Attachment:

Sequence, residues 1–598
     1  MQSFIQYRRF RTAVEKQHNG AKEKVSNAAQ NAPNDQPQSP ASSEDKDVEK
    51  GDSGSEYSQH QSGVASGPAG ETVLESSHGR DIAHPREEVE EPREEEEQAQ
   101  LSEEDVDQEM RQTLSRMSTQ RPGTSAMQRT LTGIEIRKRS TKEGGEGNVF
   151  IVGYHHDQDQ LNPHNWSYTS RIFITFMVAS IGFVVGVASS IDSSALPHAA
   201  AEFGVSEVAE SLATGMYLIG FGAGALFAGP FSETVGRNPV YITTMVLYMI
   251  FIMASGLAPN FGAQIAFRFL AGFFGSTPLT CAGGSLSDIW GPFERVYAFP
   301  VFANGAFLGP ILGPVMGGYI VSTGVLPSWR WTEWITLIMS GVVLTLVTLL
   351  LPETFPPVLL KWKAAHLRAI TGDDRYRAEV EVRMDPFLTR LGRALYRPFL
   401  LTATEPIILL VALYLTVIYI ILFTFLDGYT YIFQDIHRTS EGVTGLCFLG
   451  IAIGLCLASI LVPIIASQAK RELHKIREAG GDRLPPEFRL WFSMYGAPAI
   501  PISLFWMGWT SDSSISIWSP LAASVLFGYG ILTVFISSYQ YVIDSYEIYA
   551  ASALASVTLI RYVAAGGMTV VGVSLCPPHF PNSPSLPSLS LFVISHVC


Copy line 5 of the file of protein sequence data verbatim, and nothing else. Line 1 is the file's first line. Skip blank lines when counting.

   151  IVGYHHDQDQ LNPHNWSYTS RIFITFMVAS IGFVVGVASS IDSSALPHAA